Andrew Dys

Soldiers' sacrifices should never be forgotten

I went to the Rock Hill armory to try and find out when the Army National Guard 178th Combat Engineer soldiers will get home from Afghanistan.

I got no answers. The Army loves silence.

But I got an earful of something I needed to hear. A tough guy named Sgt. Eddie Stewart yelled out to me on the sidewalk.

"Don't forget Sergeant Hill!" Stewart said. Stewart is 45 years old, a former truck driver, thick and stout. He looks like he could whip Iraq or Afghanistan all by himself. But he couldn't. He needed help from Shawn Hill.

Around South Carolina, close to 1,800 families wait for their National Guard soldiers to come home from Afghanistan in the next few weeks. Shawn Hill's family does not wait. Sgt. Shawn Hill was buried near his Spartanburg County home in January.

Stewart was one of the pallbearers for the casket.

"An honor," said Stewart, a guy who knows what honor is.

The 178th Combat Engineers are based in Rock Hill with armories in Fort Mill, Wellford and Timmonsville. The 178th men and women have been deployed in different duties and bunches since just days after the Sept. 11 terrorist attacks. Hill is the only one to die in combat.

Hill and Stewart were in Iraq together for a year in 2004. There were nine guys in the same squad working convoy security. These nine guys did everything together. Ate, slept, fought, shot the enemy.

"Across the country, up and down the country," Stewart said. "We saw it all. I cannot tell you, when you have to be together all the time, all day, every day, how close we became. Shawn Hill was loved, man, and not just by me. You learn to count on people, lean on them. Shawn Hill was my brother."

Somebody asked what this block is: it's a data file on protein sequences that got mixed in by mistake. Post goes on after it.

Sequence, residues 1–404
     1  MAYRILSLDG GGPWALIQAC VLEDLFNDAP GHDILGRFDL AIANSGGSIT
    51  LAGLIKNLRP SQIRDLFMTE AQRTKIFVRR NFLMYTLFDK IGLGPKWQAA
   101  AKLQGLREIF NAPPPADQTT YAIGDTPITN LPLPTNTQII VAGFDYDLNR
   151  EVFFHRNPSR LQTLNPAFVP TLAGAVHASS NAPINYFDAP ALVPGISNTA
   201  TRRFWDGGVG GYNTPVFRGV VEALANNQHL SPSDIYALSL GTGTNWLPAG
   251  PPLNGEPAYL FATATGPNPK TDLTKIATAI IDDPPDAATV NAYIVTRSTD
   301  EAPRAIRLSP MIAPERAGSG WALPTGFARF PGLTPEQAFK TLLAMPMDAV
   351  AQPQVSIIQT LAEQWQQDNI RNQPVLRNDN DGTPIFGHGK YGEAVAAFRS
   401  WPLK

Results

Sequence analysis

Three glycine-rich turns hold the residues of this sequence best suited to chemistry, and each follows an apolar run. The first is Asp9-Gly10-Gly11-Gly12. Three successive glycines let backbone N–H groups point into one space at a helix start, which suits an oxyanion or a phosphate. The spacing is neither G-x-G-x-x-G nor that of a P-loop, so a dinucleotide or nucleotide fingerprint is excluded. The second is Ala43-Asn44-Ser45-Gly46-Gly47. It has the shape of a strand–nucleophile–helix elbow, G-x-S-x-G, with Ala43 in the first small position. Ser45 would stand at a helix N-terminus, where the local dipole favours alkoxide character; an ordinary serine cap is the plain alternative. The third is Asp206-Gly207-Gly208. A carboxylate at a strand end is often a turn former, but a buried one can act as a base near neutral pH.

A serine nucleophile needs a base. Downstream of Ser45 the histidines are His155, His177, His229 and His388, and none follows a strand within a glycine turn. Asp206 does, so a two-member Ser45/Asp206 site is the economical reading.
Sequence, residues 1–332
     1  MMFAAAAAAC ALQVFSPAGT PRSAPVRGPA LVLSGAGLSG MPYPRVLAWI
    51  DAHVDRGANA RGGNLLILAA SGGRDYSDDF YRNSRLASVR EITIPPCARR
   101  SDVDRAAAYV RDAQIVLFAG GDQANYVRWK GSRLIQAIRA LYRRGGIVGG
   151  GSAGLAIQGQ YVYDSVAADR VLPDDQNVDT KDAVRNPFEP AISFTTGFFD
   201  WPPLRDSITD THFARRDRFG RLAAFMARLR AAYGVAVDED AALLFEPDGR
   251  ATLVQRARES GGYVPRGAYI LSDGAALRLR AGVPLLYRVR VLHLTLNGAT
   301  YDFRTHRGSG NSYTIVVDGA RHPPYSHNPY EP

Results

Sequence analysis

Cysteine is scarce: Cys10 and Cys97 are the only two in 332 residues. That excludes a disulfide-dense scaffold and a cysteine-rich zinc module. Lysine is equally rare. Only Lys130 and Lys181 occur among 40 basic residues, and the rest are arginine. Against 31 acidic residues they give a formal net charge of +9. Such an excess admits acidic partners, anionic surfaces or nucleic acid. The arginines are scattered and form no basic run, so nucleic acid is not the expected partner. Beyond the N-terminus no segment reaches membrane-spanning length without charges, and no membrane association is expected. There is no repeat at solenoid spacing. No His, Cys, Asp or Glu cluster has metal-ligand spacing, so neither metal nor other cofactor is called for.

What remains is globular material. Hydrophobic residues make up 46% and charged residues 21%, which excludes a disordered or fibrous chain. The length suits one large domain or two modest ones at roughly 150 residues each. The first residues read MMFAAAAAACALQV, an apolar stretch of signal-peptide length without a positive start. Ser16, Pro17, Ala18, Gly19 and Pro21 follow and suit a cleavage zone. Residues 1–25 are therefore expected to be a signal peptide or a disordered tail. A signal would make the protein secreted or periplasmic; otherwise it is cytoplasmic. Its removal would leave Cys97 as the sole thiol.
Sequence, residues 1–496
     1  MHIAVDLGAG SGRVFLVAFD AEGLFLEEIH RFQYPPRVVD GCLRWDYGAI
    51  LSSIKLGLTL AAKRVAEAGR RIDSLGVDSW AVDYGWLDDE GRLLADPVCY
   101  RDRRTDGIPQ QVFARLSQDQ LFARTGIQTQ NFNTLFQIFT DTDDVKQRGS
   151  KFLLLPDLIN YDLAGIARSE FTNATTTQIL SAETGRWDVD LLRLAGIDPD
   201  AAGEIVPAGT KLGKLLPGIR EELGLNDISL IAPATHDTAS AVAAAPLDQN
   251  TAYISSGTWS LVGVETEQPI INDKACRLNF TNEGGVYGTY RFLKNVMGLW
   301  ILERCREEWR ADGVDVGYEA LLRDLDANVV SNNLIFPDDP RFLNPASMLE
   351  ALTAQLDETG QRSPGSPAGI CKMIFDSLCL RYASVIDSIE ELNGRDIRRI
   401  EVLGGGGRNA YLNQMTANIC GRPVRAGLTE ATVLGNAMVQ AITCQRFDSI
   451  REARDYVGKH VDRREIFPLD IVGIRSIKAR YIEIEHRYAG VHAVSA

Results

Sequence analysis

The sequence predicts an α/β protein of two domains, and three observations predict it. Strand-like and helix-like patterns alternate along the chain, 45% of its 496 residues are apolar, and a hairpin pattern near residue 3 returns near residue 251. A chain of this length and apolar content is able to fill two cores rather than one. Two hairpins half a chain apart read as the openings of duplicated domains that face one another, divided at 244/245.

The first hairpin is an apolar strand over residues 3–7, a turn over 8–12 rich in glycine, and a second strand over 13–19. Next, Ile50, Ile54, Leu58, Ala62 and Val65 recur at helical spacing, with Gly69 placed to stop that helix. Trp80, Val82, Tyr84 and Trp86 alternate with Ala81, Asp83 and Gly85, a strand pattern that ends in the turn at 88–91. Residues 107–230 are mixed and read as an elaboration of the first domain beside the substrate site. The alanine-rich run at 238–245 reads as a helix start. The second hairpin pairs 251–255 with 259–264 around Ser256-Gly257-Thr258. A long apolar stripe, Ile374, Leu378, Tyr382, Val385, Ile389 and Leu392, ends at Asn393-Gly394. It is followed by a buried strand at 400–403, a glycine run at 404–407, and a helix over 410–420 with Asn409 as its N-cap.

Those nine men were security -- three Humvees for about 40 trucks -- on the last convoy in Iraq the group had before coming home. Stewart was in the fourth-to-last vehicle. It passed a tire, a wheel, on the side of the road. Stewart, a gunner with one of those big swivel machine guns that would scream "Kill!" if it could talk, spun the gun as his Humvee passed the tire.

Then, the tire blew up.

Shrapnel everywhere. A single piece pierced a soldier's chest, went clean through. A soldier named Dillard, along with Stewart, Hill and the others in this band of nine, tried to save him but could not.

The soldier was a Kuwaiti. He died in the dust. But Shawn Hill and others tried to save him.

Then, Sgt. Shawn Hill, with the wife and three sons at home, volunteered to fill a slot with the next group of almost 2,000 heading to Afghanistan last April.

Another roadside bomb, in another country, in another war, killed him.

The only reason Stewart, with a wife and two sons, didn't go to Afghanistan with Shawn Hill is because Stewart, after volunteering, was hurt in training getting ready to go.

Stewart volunteered for Iraq, too. He was a guardsman for six years, got out for 13 years, then joined again after the Sept. 11 attacks.

"I joined up again because I felt I had to do my part," Stewart said. "And I know Shawn Hill volunteered for Afghanistan for the same reasons."

Every guy from the Fort Mill armory who served with Stewart and Hill in Iraq in 2004 -- a group that went after many others in the Fort Mill unit had been sent to Iraq in 2003 -- volunteered to go to Afghanistan.

You are right, Sgt. Eddie Stewart. We should not forget Shawn Hill. Or any of you.

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